Tualatin Valley Rock and Gem Club member, Julian Gray, recently released “Minerals of Georgia,” a long-time project with co-author Dr. Robert B. Cook, edited by Jose Santamaria.
Announced in the Examiner and in a public event at the Tellus Science Museum in Atlanta, the new book showcases the geological beauty of the minerals in the state of Georgia, and provides an exceptional educational guide for amateur geologists on the scientific makeup and locations of minerals.
Julian Gray, Executive Director of the Rice Northwest Museum of Rocks and Minerals in Hillsboro, Oregon, previously worked at Tellus Science Museum as its curator. He was a long-time resident of Georgia and intimately familiar with its geology as a geologist, and as a hobbyist from an early age.
Called by many “the bible of Georgia mineralogy to mineral collectors,” this is the updated edition of the 1978 original book. It includes more information on new mineral discoveries, a stronger scientific narrative of each classification, and many more beautiful photographs, many taken by Julian.
He spoke to our group about agates and his upcoming book in August. Julian will be speaking at a variety of events here in Oregon as part of the book tour and promotion. We’ll announce them as they become available.
Congratulations to Julian Gray for the outstanding work he did on the book and the fantastic contribution to mineralogy.
We’re proud to announce that one of our long-time partners and affiliates, the Rice Northwest Museum of Rocks and Minerals in Hillsboro, Oregon, has been awarded an affiliation with the Smithsonian, the world’s largest museum and research center located in Washington, D.C., with affiliates and branches around the country.
According to the news article on Oregon Live, this is the second museum in Oregon to receive such an honor.
According to the release, museum co-founder Sharleen Harvey related that her parents, Richard and Helen Rice, “had great respect for the Smithsonian Institution and used their collections as a high standard for quality and beauty when building the Rice Museum collection. I believe the acceptance of the Rice Museum as a Smithsonian Affiliate signifies that they achieved their goal.”
Harvey goes on to say that the affiliation “confirms that [the Rice Museum] meets the high standards required to assist our schools and community in earth science education. It assures that visitors and supporters of the museum can have confidence in the quality and content of the exhibits, plus enjoyment in viewing fine minerals, fossils, meteorites and lapidary specimens.”
Speaking for the Smithsonian, Harold A. Closter, director of Smithsonian Affiliations, is quoted as saying, “The museum has a well-deserved reputation for engaging generations in earth sciences through its scholarship, exhibitions, and education programs. Our partnership offers the opportunity to underscore the importance of science as a source of inspiration in our daily lives and in the years ahead.”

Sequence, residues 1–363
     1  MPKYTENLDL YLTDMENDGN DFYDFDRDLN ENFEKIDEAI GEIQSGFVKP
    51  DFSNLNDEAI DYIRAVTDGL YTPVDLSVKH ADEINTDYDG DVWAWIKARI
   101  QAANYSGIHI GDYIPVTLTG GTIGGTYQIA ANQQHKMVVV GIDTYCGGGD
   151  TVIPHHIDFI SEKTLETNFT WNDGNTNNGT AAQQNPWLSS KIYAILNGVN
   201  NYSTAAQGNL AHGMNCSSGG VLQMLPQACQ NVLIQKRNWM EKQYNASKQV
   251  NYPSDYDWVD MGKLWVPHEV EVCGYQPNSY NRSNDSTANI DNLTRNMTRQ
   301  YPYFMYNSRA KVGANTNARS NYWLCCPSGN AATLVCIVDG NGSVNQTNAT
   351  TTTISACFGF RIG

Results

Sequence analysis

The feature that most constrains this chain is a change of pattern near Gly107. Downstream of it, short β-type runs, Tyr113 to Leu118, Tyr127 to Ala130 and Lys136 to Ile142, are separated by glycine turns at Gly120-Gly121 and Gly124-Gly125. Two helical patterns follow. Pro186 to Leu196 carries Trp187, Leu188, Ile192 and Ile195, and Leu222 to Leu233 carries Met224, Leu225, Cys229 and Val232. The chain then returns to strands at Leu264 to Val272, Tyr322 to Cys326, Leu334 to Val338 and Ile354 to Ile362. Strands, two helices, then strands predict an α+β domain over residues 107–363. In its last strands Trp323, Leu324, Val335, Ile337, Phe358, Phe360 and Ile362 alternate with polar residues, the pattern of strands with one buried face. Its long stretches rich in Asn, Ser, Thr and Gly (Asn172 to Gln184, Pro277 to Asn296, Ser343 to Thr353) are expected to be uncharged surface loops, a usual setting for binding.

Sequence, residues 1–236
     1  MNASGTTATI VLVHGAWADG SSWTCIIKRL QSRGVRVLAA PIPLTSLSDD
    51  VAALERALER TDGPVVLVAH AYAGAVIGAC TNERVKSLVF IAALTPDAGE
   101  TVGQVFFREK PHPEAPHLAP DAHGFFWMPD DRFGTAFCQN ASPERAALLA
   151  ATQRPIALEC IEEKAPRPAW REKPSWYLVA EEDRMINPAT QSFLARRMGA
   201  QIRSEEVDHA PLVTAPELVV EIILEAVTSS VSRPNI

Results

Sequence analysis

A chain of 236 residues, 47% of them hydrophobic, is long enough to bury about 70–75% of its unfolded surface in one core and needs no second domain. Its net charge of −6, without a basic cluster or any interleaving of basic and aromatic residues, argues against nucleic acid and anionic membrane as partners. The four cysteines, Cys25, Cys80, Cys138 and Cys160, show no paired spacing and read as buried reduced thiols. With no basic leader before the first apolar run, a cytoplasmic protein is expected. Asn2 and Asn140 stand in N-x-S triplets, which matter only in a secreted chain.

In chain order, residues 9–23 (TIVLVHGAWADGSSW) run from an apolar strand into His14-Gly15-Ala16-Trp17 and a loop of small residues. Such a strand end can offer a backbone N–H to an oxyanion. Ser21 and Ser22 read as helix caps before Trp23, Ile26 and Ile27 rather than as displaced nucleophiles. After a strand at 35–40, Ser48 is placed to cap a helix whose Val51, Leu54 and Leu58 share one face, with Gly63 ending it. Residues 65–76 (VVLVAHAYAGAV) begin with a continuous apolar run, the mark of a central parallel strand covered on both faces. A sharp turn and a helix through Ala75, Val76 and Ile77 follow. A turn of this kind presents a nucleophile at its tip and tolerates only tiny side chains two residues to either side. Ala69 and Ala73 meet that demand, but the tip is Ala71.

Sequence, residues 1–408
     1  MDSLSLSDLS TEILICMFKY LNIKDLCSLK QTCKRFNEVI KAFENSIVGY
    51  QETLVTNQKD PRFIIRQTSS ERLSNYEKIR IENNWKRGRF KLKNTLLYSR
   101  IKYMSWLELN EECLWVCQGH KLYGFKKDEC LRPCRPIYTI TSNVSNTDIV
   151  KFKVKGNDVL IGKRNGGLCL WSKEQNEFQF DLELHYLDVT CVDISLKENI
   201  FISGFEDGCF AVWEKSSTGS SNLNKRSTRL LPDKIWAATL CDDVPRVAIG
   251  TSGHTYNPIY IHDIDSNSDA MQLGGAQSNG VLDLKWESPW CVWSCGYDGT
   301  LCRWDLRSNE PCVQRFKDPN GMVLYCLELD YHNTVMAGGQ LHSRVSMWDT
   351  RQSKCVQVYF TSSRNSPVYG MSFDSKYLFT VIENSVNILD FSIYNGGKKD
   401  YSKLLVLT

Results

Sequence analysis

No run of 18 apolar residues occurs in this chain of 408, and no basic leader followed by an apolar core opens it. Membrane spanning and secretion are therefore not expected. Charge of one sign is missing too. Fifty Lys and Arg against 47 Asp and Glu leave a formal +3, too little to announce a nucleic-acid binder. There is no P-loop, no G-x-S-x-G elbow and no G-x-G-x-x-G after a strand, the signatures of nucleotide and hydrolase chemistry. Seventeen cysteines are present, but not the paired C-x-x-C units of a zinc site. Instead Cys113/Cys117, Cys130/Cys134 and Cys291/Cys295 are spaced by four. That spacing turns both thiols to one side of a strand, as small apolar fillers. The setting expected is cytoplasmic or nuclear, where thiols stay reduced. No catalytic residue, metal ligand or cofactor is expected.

The new Executive Director, Julian Gray, is a member of the Tualatin Valley Rock and Gem Club, and he was the driving force behind this affiliation. He will be working closely with the Smithsonian to coordinate educational opportunities and exhibits in the future.
In another news report announced in the Portland Tribune, a representative of the Smithsonian describes the new affiliation. Continue reading “Rice Northwest Museum Becomes Smithsonian Affiliate”
The Rice Northwest Museum of Rocks and Minerals took top honors and award at the Tucson Gem and Mineral Show for its display on “Lead materials.”
The 2015 Tucson Gem & Mineral Show is host to over a hundred thousand visitors during a week to two week period in Tucson, and exhibitors come from around the world to show off their wares and rock and mineral collections.
The Friends of Mineralogy honored the Rice Northwest Museum in Hillsboro, Oregon, as it’s “Best Educational Exhibit by an Institution.” The exhibit, put together by Curator Leslie Moclock, featured colorful examples of lead with educational material about its usage and makeup.
As part of your membership benefits with the club, member admission to the museum is free.
If you haven’t been to the museum in a while, stop in and see the changes Julian Gray and Leslie Moclock have brought to this heritage site and exceptional museum.
For the historians in our club, don’t forget that the founders of the Rice Northwest Museum, Richard and Helen Rice, founded the Tualatin Valley Rock and Gem Club as well.
If you missed, check online for the Geologic Snowflake Hunters Flock to Oregon for Thundereggs episode on the Oregon Field Guide on OPB TV.
Thundereggs are the state rock of Oregon, and fascinating to collectors young, old, novice, and experienced. Producer Vince Patton and his crew showcased the Madras, Oregon, annual thunderegg digs on the Richardson Ranch just outside of Madras.
As a reminder, the Rice Northwest Museum of Rocks and Minerals, one of our affiliates and partners, has more than 1,000 thundereggs in its inventory, including the famous “Meatball,” an 800 pound thunderegg in the Northwest Mineral Gallery that has never been cracked.